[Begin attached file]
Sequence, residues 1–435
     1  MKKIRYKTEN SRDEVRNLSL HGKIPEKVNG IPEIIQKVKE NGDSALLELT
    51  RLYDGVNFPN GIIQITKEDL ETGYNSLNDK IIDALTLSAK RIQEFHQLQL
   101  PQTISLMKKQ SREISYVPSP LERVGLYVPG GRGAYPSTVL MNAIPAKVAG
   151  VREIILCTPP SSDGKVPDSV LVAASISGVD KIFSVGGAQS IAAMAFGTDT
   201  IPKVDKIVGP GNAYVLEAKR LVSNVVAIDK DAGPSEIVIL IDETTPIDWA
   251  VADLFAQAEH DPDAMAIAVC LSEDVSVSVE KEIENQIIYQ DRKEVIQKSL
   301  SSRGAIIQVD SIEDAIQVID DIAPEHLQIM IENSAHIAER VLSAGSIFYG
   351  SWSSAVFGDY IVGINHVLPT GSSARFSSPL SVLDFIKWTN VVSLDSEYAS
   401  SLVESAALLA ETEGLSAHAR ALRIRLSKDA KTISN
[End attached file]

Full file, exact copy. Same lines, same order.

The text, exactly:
Sequence, residues 1–435
     1  MKKIRYKTEN SRDEVRNLSL HGKIPEKVNG IPEIIQKVKE NGDSALLELT
    51  RLYDGVNFPN GIIQITKEDL ETGYNSLNDK IIDALTLSAK RIQEFHQLQL
   101  PQTISLMKKQ SREISYVPSP LERVGLYVPG GRGAYPSTVL MNAIPAKVAG
   151  VREIILCTPP SSDGKVPDSV LVAASISGVD KIFSVGGAQS IAAMAFGTDT
   201  IPKVDKIVGP GNAYVLEAKR LVSNVVAIDK DAGPSEIVIL IDETTPIDWA
   251  VADLFAQAEH DPDAMAIAVC LSEDVSVSVE KEIENQIIYQ DRKEVIQKSL
   301  SSRGAIIQVD SIEDAIQVID DIAPEHLQIM IENSAHIAER VLSAGSIFYG
   351  SWSSAVFGDY IVGINHVLPT GSSARFSSPL SVLDFIKWTN VVSLDSEYAS
   401  SLVESAALLA ETEGLSAHAR ALRIRLSKDA KTISN